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Headless stone statue in the “impregnable” tomb of Vo Tac Thien: Unexpected explanation!

Wu Zetian (624 – 705) was the first and only recognized female emperor in Chinese history. Initially, Vo Tac Thien was just a concubine in the harem of Duong Thai Tong Ly The Dan. She then became the empress of Cao Tong Ly Tri and the emperor of Vo Chu (reigned from 690 – 705), the dynasty that interrupted the Tang Dynasty.

Vo Tac Thien is the most controversial queen in history, especially about both publicity and crime. Many people believe that Vo Tac Thien monopolizes the dynasty, is too harsh, even cruelly kills many people, at the end of his life he also tolerates two “male pets” who are Truong’s cousins, making the courtiers disgruntled.

However, many people also have to admit that this queen is a talented leader when she knows how to use talents, and at the same time strict rewards and punishments, the country is prosperous, people’s lives are peaceful. .

The fact that a woman “weak willow digs silk” can claim to be emperor and even establish a prosperous dynasty like Vo Tac Thien is an extremely rare thing in history.

Vo Tac Thien is not only a controversial historical figure, but even her resting place is one of the mysteries that challenge posterity.

Headless stone statue in the impregnable tomb of Vo Tac Thien: Unexpected explanation!  - Photo 1.

Wu Zetian is the first and only female emperor in Chinese history.

After his death in December 705, Vo Tac Thien was interred in Can Lang with her husband, Duong Cao Tong Ly Tri.

Qianling has a prime location on Liangshan mountain, Gan district, Xianyang city, Shaanxi province, China. Tomb Vo Tac Thien’s open-air courtyard took 23 years to basically complete, impressing with its large scale, monumental and lavish architecture when it has a complex of stone walkways, memorial stone monuments, and palaces. mysterious subway…

Headless stone statue in the impregnable tomb of Vo Tac Thien: Unexpected explanation!  - Photo 2.

“No self beer” is one of the mysteries of Qianling.

In addition to the controversial “Vo Tu Bia” (a stele without words), Can Lang also has 120 giant stone statues, of which 61 are the most special. headless stone statue full of mystery.

Why are the headless stone statues placed in the mausoleum of Emperor Vo Tac Thien? Is this a pre-arrangement?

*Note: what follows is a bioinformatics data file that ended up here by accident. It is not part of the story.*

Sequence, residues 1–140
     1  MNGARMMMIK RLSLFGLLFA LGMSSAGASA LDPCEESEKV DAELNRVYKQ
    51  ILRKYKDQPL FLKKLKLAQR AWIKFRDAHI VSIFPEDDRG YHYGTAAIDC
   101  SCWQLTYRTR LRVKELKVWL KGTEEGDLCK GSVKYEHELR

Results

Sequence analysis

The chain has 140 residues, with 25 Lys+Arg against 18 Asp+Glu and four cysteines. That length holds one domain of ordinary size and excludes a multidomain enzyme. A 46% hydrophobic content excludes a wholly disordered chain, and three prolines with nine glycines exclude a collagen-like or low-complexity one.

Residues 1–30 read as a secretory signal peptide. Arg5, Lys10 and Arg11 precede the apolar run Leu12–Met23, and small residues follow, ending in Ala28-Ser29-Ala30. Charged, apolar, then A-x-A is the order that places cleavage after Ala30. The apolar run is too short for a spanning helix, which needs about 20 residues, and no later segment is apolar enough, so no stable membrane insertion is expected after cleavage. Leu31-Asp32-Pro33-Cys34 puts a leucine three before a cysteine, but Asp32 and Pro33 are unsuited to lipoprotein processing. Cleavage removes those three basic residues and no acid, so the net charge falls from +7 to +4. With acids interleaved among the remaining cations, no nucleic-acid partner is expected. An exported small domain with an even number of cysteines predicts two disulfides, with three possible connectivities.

This mystery makes many historians and researchers “headaches” to find answers.

The explanation of the headless stone statue: An unexpected explanation?

According to researchers, these 61 statues are the statues of 61 vassals who submitted to Dai Duong during the Trinh Quan period (from 627 to 629), and they were also the major gods of the dynasty.

After Vo Tac Thien died, her son Duong Trung Tong ordered the carving of vassal stone statues to be placed in Can Lang to commemorate the merits of the ancestors.

Headless stone statue in the impregnable tomb of Vo Tac Thien: Unexpected explanation!  - Photo 3.

The mysterious headless stone statues at the Tomb of Vo Tac Thien.

Until the beginning of the Ming Dynasty (1368 – 1644), the stone statues in Qianling remained intact. However, later, 61 stone statues lost their heads and became one of the mysteries in Qianling.

For years, researchers also searched for the reason behind the headless stone statues. Finally, where are the heads of these stone statues?

In fact, there are many theories to explain the “phenomenon” of 61 headless stone statues.

After many rumors related to tomb theft, the discovery of two farmers living on Luong Son mountain has helped to gradually reveal this secret. Accordingly, one day, while hoeing in the field, these two men suddenly found a stone carved human head. Later, the functional force concluded that this was the lost head of one of 61 stone statues in Can Lang. Experts later found many similar stones in the surrounding area.

However, experts discovered that not only the headless human figure, but also the horse and ostrich statues have the same characteristic that the neck has a weak structure. Each part is made from a variety of stones with different hardness. Experts speculate that it may be because the stone of the Tang Dynasty had many impurities, which affected the quality of the statue.

However, when conducting research and analyzing historical documents, experts discovered that the headless rock phenomenon in Can Lang could be due to natural disasters.

Specifically, as noted in Ming historyOn January 23, 1555, an earthquake with a magnitude of 8 on the Richter scale occurred in Hua County, Shaanxi Province, killing more than 800,000 people.

Headless stone statue in the impregnable tomb of Vo Tac Thien: Unexpected explanation!  - Photo 5.

Vo Tac Thien’s Can Lang still has many mysteries after more than 1,300 years.

Can Lang is located more than 100 km from Hoa district, so it was also affected by this violent earthquake. Moreover, due to the unstable structure, the heads of the statues in Qianling were broken and rolled down. Until now, this is probably the most reasonable explanation for the 61 headless stone statues in Qianling.

Moreover, Adachi Kiroku, a Japanese scholar, recounted that, in 1906, when he went to Qianling to survey, he still found more than 20 fallen stone statues, lying on the ground. This detail further strengthens the theory that the damage to the statues in Qianling was caused by the earthquake.

Today, although the stone statues in Qianling are no longer intact, they are still proofs of the carving technique and the flourishing development of the Tang Dynasty at that time.

Article referenced source: Chinatimes, QQ, Baidu

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